The number of deaths attributable to the faulty ignition switches in the 2.6 million vehicles recalled by General Motors has hit 100.

According to the latest update from Kenneth Feinberg, the administrator the $550 million victims fund established by the automaker, the number of death claims rose this week by three. There are 37 applications still to be considered after 227 have been denied. The automaker said it has repaired between 70 and 75% of the vehicles.

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In addition to the claims for death benefits, Feinberg’s staff approved 12 claims for people who suffered lost limbs, brain damage or pervasive burns in crashes, which are described as Category One. The claims for another 172 people who suffered less severe injuries that required hospitalization or outpatient treatment have also been approved, also known as Category Two injuries. (more…)

GM Ignition Switch Death Toll Rises to 97 Victims

Feinberg team continues processes claims.

by on May.04, 2015

Kenneth Feinberg, administrator fo GM's victims compensation fund, approved another round of benefits for victims.

General Motors initially claimed that 13 people were killed as a result of the faulty ignition switches that forced the recall of nearly 2.6 million vehicles last year: that number is now at least 97 people.

Kenneth Feinberg, the administrator of the $600 million victims compensation fund established by GM, released the latest results of his team’s efforts to process claims filed by victims and their families.

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The number of deaths has been slowly rising since the automaker established the fund and Feinberg and his team began sifting through the claims. In total, 474 claims were submitted for death benefits, and 97 were deemed eligible, 212 ineligible and 105 were “deficient,” which means it didn’t have enough documentation to be processed. (more…)

Court Upholds GM’s Bankruptcy Shield from Death Claims

But judge leaves potential loophole for plaintiffs.

by on Apr.16, 2015

The faulty GM ignition switch could inadvertently move to the Off position, causing a crash.

General Motors has been handed a major victory in its effort to shield itself from lawsuits linked to the defective ignition switches it used in older vehicles.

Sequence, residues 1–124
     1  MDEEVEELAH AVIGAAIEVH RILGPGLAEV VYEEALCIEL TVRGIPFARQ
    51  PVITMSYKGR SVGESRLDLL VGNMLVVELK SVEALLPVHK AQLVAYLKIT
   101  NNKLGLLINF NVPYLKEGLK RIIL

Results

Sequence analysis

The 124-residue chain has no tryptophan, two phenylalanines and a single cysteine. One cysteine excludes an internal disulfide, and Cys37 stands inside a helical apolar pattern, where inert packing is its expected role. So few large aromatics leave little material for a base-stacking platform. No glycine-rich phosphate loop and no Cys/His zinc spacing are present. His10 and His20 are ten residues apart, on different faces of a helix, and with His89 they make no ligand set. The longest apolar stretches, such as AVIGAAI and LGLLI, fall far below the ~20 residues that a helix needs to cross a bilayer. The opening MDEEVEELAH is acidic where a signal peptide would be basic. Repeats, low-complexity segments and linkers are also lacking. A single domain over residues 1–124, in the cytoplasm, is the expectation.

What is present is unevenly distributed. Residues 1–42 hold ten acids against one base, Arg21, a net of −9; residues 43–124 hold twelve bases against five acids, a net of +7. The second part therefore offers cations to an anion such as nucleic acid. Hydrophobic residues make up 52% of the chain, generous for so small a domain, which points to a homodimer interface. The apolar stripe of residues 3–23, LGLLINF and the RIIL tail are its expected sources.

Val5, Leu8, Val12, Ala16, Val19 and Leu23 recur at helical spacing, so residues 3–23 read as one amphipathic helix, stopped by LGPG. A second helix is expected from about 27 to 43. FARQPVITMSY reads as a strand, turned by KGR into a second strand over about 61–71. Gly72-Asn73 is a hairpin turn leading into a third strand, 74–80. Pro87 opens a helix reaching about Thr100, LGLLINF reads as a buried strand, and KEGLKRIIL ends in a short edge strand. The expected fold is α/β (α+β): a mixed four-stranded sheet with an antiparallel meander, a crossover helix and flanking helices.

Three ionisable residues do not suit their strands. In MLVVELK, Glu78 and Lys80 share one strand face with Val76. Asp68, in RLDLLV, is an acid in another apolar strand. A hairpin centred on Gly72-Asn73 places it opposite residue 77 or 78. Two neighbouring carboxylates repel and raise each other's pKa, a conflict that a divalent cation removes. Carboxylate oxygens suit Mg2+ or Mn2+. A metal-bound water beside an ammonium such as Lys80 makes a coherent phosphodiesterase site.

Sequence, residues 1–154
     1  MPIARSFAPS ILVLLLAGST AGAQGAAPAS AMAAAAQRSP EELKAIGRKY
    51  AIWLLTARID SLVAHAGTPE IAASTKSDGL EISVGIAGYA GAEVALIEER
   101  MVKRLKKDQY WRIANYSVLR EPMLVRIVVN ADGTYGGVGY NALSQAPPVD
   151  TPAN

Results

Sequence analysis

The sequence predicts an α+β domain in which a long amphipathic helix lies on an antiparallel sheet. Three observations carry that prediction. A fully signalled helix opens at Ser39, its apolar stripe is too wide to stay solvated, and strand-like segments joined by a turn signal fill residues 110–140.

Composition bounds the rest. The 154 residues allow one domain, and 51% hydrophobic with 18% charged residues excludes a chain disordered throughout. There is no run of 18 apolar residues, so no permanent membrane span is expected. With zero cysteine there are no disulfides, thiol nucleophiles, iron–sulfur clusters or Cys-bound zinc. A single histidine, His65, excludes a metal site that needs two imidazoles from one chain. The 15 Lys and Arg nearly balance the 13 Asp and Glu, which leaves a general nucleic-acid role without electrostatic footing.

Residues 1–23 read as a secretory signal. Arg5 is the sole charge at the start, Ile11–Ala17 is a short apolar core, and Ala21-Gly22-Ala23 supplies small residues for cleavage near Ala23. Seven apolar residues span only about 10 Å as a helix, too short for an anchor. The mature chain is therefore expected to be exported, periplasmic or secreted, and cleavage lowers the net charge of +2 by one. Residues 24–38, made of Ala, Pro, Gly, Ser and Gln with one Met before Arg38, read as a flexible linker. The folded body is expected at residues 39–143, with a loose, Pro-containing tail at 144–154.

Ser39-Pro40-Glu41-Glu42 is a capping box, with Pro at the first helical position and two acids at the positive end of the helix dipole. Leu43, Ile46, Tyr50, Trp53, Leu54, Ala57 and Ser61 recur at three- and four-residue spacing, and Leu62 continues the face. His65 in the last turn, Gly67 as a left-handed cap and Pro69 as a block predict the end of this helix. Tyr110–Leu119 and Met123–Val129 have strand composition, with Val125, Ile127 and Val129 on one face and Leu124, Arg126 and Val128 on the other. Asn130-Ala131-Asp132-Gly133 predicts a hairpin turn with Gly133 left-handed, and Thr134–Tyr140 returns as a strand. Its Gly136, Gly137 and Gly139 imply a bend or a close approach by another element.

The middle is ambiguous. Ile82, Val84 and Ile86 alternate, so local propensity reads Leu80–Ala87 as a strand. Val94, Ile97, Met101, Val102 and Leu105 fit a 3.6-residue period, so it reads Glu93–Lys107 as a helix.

A federal judge has ruled the “new GM” is not liable for death and injury claims for crashes that occurred prior to the automaker’s emergence from bankruptcy in July 2009 – even in the event of misconduct by the “old GM.” But ruling from the federal bench in New York, Judge Robert Gerber did say owners could seek damages if they prove vehicles equipped with those switches have lost value since GM exited Chapter 11.

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The automaker hailed the news which, it said, “doesn’t establish any liability against GM.” It also noted that the burden will be on plaintiffs to prove any new claims for losses.

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2014: The Year of the Recall

Safety may remain the big story in 2015.

by on Dec.30, 2014

Barely 2 months after becoming GM's new CEO, Mary Barra was facing a Congressional investigation into the maker's ignition switch problems.

When 2014 opened, the year’s top automotive story seemed likely to be Mary Barra, General Motors’ new chief executive, and the first female CEO of a major automaker. As the year draws to a close, Barra is, indeed, still in the headlines, but enmeshed in what has turned into the year’s biggest story.

GM’s February recall of 2.6 million vehicles due to faulty ignition switches has so far been linked to more than 40 deaths. But in recent weeks, that’s nearly been eclipsed by the Takata airbag crisis that has so far led to the recall of more than 10 million vehicles and counting – federal regulators pressing to expand the service action nationwide.

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But those are only two of the many safety issues that have led the industry to recall about 60 million vehicles this year, nearly twice the previous record set back in 2004. The question is whether recalls will remain the big automotive story for 2015.

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“Government Motors” on Fire

An excerpt from Jason Vine's tell-all, “What Did Jesus Drive”

by on Dec.01, 2014

Vines holds few punches as he looks at how automakers like Ford and GM have handled big crises.

Jason Vines has served as head of public relations for both Ford and Nissan, and as part of the senior PR team at Chrysler. He’s also functioned as an outside consultant to several other major automakers, including General Motors – giving Vines an unprecedented insider’s view of some of the biggest crises to shake the industry over the last two decades.

That includes the Ford/Firestone exploding tire disaster blamed for 271 deaths, as well as the ongoing General Motors ignition switch debacle. In this excerpt from Vines’ new book, “What Did Jesus Drive,” he offers a devastating, inside look at GM’s attempt to handle that scandal.

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Two weeks before GM’s first Congressional hearing regarding the ignition switch debacle, Selim (ed: former GM PR chief Selim Bingol) was on the phone. “Any advice,” he said. “You’ve been through this shit.”

Up to now, GM had been vigorously putting out CEO Mary Barra in every form of communications thinkable, apologizing profusely for the past transgressions of the “Old GM” and the humanity of the “New” post-bankruptcy GM, including a hideous video in which Barra looked like she was a prisoner at the Hanoi Hilton in ‘Nam.